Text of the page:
Luke Haines (the Auteurs, Black Box Recorder) Talks FFS’ FFS

Mr. Haines was prepared to dislike FFS but concludes, "If you don't like it, you are either a lobotomised eunuch or a British restaurant critic."

“Bloody hell,” laughed my dad into his sailor beard, hands across his large belly, sunk into his armchair, with his legs outstretched onto the pouffe, “it’s Adolf Hitler on Top of the Pops.” Thus spake a Greek chorus of dads across the U.K. at first sight of Sparks pianist Ron Mael on the nation’s greatest music programme. This sacred knowledge spread amongst the kids of the ’70s, and it was acknowledged in playgrounds across the land that the Fuhrer had indeed risen from his Berlin bunker and had decided to make his first public appearance on Top of the Pops in 1974. It’s no understatement that there is a lot of love in the affection pool for the fearlessly maverick Sparks.

My intentions were not good. I came here to bury this collaboration between Scottish post-postmodernist indie band Franz Ferdinand and the veteran art-pop brother-duo Sparks (whilst being kind to Sparks). Franz Ferdinand have never been my cup of poison: arty but not Art, Goody Gumdrops leading a gang of school prefects. Oh, Dad, I was so, so wrong. And I doff my fedora to the gods of artiness over Art, for this slab of demented romp is the gorilla’s nutsack, Jack.

With a clutch of Ron Mael’s stentorian grand piano chords, we’re off with excellent opener “Johnny Delusional,” straight into that pounding Sparks disco militia beat. They should patent that sound. Actually they don’t need to, as no one can do the Barnes Wallis Bouncing Bomb Bop quite like Sparks. But Franz are up for it — pounding and pile-driving away like frenzied oarsman on a mythical disco longship with Sex Pistol Steve Jones as the coxswain, bellowing through a loud-hailer, “Give it some fuckin’ bollocks!” And they do. “Call Girl” and “Dictator’s Son” are classic Sparks, with singer Russell Mael striding around as horny as some mad sex hog. Franz Ferdinand singer Alex Kapranos gamely invokes his rock & roll right to throw some silly voices into the mix. If you are “in rock” and you’ve never affected some ludicrous vocal inflections, then you’ve no right to be here; get out now — and get in, Mr. Kapranos. By “Police Encounters,” we’ve hit the Holy Grail of rock mental. Russ is hanging out in Harlem, either as a psychopathic felon or an innocent bystander. (It’s hard to tell.) Of greater importance, he, with a hard-on like the Hindenburg that casts long shadows over the city and is about to explode, announces in that famous falsetto, “I’ve got eyes for the policeman’s wife/with her dyed black hair….” It’s droolingly great stuff and as mad as pop should always be.

If I were a lesser writer (or a better writer — you decide), I’d go on about FFS exploring “the possibilities of pop.” Fuck that. This is about the “tossibilities of pop”: tossing it all up in the air and not giving a toss — and FFS clearly do not give a tinker’s. My rock & roll radar detects something going on in the pop landscape; the older dudes (Sleaford Mods, the Pre New, Yours Truly, and now FFS) are the ones experimenting and unafraid, whilst the younger dudes are sticking to the stencil. One thing is clear: all the participants in this magnificent pairing sound like they were having a blast in the studio.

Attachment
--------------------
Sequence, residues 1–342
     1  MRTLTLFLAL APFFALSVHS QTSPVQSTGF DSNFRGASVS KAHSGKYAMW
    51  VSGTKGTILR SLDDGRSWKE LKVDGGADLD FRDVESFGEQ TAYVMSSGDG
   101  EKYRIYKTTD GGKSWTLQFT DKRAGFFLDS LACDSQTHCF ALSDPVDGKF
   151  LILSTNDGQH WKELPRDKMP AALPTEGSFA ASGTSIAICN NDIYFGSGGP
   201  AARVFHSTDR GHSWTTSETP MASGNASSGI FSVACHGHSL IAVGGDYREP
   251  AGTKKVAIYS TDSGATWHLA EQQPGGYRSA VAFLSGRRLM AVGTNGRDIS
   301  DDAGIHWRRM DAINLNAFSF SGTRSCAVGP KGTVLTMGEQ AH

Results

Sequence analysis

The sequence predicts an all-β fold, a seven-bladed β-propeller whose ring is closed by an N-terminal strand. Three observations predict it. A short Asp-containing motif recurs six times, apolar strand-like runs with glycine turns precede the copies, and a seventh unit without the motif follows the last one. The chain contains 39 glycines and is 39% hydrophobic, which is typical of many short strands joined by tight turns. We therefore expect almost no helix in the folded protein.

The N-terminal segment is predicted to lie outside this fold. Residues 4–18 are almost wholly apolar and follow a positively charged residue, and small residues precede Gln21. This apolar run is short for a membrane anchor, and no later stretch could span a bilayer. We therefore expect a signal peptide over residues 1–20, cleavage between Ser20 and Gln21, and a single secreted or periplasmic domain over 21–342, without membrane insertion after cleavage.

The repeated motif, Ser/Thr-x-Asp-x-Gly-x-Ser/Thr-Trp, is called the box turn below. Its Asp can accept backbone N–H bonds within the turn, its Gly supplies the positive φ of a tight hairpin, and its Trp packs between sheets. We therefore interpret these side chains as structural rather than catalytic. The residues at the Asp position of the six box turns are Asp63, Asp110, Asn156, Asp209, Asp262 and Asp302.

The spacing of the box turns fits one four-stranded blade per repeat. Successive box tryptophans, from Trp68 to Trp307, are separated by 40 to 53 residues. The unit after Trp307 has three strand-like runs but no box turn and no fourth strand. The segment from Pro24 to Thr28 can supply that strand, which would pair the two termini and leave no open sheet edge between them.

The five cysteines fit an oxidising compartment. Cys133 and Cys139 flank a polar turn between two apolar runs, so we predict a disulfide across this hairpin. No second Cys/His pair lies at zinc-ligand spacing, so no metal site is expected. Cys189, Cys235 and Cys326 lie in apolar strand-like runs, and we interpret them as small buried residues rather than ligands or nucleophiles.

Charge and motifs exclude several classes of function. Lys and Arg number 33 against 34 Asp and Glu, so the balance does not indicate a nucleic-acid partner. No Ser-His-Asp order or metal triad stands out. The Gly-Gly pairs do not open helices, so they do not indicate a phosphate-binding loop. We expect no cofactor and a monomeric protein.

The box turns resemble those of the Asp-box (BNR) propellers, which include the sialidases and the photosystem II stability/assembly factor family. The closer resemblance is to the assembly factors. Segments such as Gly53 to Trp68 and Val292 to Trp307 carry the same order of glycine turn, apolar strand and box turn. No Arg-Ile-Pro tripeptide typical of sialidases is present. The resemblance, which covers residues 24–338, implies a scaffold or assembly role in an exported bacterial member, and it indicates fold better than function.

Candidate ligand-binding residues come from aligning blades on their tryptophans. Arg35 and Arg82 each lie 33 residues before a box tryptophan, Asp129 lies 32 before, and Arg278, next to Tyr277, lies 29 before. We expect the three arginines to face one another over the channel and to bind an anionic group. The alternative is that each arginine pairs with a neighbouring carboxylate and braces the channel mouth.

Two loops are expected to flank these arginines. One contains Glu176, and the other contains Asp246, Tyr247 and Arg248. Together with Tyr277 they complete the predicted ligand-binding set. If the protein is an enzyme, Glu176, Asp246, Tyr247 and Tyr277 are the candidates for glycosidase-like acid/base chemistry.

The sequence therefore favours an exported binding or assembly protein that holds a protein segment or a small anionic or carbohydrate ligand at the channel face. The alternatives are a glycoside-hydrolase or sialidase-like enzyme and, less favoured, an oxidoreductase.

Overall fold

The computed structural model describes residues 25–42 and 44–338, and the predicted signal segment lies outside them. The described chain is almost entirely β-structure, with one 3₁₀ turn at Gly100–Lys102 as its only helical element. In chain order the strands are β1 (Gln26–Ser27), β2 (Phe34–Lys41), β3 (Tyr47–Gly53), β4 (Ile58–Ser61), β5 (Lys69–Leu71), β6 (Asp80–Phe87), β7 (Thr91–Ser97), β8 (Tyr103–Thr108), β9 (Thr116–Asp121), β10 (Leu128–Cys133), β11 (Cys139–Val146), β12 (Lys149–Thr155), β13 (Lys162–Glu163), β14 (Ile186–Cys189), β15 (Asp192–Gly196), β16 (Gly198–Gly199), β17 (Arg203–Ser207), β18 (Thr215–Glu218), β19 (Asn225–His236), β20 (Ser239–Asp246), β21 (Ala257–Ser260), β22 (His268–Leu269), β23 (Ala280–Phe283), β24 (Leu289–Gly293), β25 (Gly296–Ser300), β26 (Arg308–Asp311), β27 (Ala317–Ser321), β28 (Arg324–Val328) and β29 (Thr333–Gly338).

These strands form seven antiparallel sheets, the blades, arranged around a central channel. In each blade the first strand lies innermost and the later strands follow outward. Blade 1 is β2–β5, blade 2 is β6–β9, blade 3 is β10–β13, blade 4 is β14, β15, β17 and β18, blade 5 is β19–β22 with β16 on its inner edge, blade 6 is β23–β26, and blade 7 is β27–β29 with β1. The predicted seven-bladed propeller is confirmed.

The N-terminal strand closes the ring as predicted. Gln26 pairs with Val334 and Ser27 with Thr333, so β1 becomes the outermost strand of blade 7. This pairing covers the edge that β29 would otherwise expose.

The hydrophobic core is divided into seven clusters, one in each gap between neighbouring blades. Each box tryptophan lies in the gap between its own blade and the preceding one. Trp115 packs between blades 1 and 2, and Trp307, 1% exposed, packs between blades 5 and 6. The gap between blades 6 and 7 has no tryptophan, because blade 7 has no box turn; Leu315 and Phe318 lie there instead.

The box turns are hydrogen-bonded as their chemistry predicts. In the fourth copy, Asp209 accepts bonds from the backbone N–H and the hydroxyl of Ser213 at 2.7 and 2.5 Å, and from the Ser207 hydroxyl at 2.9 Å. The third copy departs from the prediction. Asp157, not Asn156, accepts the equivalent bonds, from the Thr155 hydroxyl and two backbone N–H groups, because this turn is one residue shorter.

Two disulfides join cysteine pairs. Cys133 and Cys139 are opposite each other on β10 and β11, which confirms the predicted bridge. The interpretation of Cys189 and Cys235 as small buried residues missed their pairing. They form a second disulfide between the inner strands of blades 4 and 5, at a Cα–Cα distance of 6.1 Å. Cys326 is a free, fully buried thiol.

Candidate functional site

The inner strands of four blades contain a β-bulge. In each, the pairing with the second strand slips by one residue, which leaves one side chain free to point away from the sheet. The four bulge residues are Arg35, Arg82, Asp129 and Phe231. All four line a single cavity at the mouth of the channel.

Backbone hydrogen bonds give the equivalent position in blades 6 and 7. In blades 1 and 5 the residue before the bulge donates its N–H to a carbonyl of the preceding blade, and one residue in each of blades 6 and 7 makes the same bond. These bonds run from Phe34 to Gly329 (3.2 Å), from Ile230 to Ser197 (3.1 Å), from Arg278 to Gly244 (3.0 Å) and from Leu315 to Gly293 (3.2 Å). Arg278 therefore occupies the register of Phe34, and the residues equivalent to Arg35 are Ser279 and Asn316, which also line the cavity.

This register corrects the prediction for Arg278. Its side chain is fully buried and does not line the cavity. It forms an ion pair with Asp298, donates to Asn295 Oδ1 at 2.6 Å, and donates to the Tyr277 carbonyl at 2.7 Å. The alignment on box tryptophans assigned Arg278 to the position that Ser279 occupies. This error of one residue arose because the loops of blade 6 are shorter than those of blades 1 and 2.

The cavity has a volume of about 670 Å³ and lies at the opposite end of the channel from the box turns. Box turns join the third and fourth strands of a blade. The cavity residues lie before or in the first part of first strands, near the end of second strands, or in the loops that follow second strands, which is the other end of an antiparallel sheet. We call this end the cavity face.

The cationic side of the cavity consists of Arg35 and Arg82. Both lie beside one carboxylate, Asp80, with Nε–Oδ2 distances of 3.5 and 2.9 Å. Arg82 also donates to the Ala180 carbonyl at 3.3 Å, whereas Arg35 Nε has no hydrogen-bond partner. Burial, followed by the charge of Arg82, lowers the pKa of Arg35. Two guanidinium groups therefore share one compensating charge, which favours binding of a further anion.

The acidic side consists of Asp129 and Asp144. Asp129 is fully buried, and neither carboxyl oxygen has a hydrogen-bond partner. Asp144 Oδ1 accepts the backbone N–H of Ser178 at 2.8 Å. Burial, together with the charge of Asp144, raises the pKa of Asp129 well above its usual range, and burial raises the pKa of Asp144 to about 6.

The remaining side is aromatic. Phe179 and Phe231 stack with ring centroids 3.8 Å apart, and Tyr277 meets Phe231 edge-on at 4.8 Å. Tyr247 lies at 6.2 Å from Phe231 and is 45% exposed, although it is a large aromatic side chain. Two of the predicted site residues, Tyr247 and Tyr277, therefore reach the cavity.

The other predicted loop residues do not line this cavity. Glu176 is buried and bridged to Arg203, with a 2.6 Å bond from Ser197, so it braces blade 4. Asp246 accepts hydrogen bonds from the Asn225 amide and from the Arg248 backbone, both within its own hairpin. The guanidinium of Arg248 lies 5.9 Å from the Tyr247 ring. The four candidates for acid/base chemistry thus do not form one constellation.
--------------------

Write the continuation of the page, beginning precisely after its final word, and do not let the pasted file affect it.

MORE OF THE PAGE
There are, of course, a few occasions when the whole crazy concoction almost buckles under its archness. (I know a thing or two about this.) “Little Guy from the Suburbs,” a late-period-Bowie-esque ballad, almost seems like it’s here just to convince the listener that it’s not all one big ironic laugh. (Sparks were never ironic — just gloriously eccentric.) And the self-referential “Collaborations Don’t Work” threatens to disappear into an operatic black hole of twenty-first- century post-everything. Luckily, it’s saved by surgically precise lyrics (and I know a thing or two about this, too) on the futility of collaborations: “Frank Lloyd Wright always ate a la carte/I wish that I had been that smart.” Indeed.

I often wonder why people still form rock bands, given that it almost always ends badly. Maybe it’s all about the indefatigability of the human spirit, as on this album’s best and most untypical track, “Things I Won’t Get,” a simple list song of things the protagonist won’t get: “A Pulitzer Prize…an affair with a star who gives him dope…a job with some hope…Schoenberg and 12-tone.” It’s the beating heart that pumps the blood through the grooves of the rest of this album.

The whole shebang ends with the FFS manifesto: “Piss Off.” Franz’s avowed dictum to “make records that girls dance to” has been achieved. This collaboration — unlike, say, the recent Sunn O)))-Scott Walker hook-up — is a high point for both bands, as nothing has been compromised. Result: a fuckload of heavy fun. If you don’t like this record, you are either a lobotomised eunuch or a British restaurant critic. Either grow some disco balls or, for fuck’s sake, piss off – pop music is not for you.

Luke Haines is an English musician and writer. He has recorded under the name of the Auteurs and Black Box Recorder. His books include the bestselling Bad Vibes – Britpop and My Part in Its Downfall. His latest solo album, Smash The System, is out on Cherry Red Records on October 7, 2016. You can find him on Facebook, Twitter and his website.